We’re so used to multi-tasking these days, and we mustn’t do this with kids whose love language is quality time. So if they’ve asked you for time, perhaps to come and play, and you’ve brushed them off a few times, it can be exceedingly hurtful to a child whose love language is quality time.

The time must be undivided. Don’t have your phone; looking at your phone or taking a call can make a quality time child believe that they’re not as important as your phone is.

Physical Touch:

Kids with physical touch as their primary love language will reciprocate the physical touch. For example, they often hold hands, ask for back rubs, or snuggle on the couch.

What it looks like:

Everything from hugs, kisses, cuddles, and hand-holding to back scratches, roughhousing and tickles. If you find your child has no issues or embarrassment about loving in public, they like to hug friends and hold your hand; then it’s likely that physical touch is their love language.

Important things to note…

From the very first moment, we show our love to our new babies through physical touch. This is why Kangaroo care is so critical. Hugs, cuddles, kisses, this is how we express love. And the sloppy wet baby kisses we get back are amazing. Some kids grow out of being overly affectionate, and others can’t get enough snuggles.

Also, many parents pull away physically as their kids age, especially if it isn’t your love language; it may feel unnatural. So, it’s essential to do your best to continuously show affection to our kids whose love language is physical touch. You need to be intentional about the touch – even if it’s uncomfortable or unnatural. Especially as your kids get older, you can make it a back scratch or a hand on the shoulder.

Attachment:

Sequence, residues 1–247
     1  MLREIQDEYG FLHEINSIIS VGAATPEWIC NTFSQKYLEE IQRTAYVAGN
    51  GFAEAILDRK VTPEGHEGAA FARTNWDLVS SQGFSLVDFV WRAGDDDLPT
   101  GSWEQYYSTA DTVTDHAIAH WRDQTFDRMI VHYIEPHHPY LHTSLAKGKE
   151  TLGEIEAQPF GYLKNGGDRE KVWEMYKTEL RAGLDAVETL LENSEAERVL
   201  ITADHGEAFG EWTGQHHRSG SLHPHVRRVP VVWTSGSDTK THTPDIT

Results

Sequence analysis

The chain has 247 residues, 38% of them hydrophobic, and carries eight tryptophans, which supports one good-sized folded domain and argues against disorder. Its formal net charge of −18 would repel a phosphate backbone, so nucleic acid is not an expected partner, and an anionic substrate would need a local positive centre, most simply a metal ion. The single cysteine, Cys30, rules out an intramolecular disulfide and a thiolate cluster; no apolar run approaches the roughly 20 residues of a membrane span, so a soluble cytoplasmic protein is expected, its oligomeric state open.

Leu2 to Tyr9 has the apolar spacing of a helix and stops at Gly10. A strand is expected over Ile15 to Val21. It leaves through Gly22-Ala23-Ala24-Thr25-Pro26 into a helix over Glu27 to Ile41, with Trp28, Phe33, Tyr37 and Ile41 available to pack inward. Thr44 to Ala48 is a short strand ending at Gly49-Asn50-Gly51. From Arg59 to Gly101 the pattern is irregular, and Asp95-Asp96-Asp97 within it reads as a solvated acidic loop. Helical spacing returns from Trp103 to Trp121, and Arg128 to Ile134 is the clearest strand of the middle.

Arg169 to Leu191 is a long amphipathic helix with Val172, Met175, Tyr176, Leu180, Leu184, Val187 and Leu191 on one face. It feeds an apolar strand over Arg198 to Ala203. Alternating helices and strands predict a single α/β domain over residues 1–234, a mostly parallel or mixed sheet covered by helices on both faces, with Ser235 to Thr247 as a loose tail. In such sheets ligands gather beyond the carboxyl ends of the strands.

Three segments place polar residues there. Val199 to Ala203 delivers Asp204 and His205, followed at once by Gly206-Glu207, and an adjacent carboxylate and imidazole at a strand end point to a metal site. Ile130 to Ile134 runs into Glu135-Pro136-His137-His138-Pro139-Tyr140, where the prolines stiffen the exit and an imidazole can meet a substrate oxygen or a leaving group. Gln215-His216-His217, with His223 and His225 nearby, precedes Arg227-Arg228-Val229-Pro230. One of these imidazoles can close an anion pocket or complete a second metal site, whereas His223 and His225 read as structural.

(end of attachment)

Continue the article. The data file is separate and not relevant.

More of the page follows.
Be aware of…

Some kids grow out of the physical touch, especially special needs kids, it can make them uncomfortable.

Also, if you have daughters whose love language is physical touch, it’s essential to continue to hug and hold them, primarily through puberty. Pulling back from your daughters increases their feeling of shame about their bodies.

 Gift Receiving:

child receiving flower from parent

Kids with gift receiving as their love language appreciate even the smallest gifts. They take good care of things people have given, often keeping them in a special spot. If this sounds like your child, gift receiving may be their primary love language.

What it looks like…

  •  Picking them up a small item that you think they’d like
  •  breakfast in bed, a picnic or outing
  •  buying a toy together
  • Surprising them with adorable labels 😉
  •  Finding a rock or shell in their favorite shape or color